Care of the Elderly

The latest report into N.H.S. care of the elderly is pretty damning, but before we all raise our hands in horror/point the finger or whatever other cliché is appropriate to manifest disgust, we should ask how we treat the elderly ourselves.

It is possible to romanticise care of the elderly. The white-haired grandma or grandpa, sitting quietly in a rocking chair and dispensing wisdom and kindness to everyone, is, more often than not, a fiction. We don’t associate such figures with the frailty, querulousness, and smelliness of old age which is the reality. Anyone who has cared for a very old person over a long stretch of time will know the tiredness and guilt that such care often imposes on the carer. It is complicated further when the care must be given in cramped conditions, with lack of understanding or downright hostility to contend with from other members of the family. If we don’t do all that brilliantly at home, should we expect any better in hospital, which is not, after all, meant for long-term care but for getting people better as quickly as possible?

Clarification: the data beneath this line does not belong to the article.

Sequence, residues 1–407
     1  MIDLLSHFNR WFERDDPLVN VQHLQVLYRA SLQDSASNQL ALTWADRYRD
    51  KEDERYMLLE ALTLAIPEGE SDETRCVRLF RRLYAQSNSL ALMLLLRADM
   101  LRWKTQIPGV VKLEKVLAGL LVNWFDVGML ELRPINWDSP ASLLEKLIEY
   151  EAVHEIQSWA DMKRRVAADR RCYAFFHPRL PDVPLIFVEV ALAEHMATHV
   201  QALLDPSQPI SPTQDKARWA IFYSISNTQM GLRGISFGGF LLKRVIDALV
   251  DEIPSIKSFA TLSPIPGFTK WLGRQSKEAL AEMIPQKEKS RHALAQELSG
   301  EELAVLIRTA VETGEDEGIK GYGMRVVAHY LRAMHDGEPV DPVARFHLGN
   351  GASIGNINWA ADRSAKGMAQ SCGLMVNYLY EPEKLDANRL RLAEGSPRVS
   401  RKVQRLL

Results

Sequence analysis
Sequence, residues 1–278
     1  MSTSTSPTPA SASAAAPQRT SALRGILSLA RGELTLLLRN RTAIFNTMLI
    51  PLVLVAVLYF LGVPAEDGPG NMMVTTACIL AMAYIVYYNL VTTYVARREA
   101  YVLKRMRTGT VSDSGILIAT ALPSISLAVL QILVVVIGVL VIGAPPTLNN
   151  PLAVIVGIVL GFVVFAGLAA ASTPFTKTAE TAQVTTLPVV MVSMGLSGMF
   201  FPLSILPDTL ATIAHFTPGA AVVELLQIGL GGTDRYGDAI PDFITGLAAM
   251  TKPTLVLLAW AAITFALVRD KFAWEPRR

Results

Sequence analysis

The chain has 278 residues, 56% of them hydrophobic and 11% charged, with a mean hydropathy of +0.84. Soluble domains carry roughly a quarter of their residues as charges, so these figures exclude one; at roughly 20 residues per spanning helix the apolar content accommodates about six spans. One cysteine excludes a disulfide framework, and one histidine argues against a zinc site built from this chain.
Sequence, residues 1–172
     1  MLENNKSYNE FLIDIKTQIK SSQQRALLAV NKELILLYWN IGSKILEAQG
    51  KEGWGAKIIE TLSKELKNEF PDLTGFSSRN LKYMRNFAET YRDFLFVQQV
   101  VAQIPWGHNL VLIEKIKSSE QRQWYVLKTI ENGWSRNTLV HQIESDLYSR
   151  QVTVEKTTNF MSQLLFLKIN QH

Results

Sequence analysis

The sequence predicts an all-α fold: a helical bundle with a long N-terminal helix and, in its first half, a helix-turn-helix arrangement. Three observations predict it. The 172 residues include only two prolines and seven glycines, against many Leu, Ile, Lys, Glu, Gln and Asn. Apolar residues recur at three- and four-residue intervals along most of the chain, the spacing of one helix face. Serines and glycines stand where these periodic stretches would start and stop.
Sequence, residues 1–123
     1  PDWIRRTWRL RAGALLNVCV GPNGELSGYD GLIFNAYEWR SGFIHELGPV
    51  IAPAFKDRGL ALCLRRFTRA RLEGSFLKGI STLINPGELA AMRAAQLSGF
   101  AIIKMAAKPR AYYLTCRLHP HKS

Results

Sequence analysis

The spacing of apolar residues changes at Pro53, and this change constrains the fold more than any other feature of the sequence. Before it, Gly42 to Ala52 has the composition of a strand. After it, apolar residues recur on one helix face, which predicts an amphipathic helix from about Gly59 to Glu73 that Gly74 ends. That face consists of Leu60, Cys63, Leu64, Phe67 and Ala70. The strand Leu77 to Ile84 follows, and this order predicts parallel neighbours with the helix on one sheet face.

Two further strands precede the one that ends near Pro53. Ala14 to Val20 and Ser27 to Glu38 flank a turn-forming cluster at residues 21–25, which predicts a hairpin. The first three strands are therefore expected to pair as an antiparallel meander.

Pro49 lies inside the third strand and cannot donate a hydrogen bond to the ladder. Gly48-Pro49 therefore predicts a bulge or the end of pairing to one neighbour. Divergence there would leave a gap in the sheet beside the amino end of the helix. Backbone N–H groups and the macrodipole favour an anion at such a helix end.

Perhaps the real problem is not so much the failures that have been highlighted in N.H.S. hospitals as the attitudes of society in general to the elderly. Respect nowadays has to be earned. In Benedict’s day, it was accorded automatically. Unless we genuinely respect others and see in them the person God has created and redeemed, I think we all run the danger of seeing the elderly as a nuisance, a drag, not worth bothering about. That is a chilling thought.

If nothing else, I’m not sure I would want to stand before God on Judgement Day and say I found any of his children ‘not worth bothering about’, would you?

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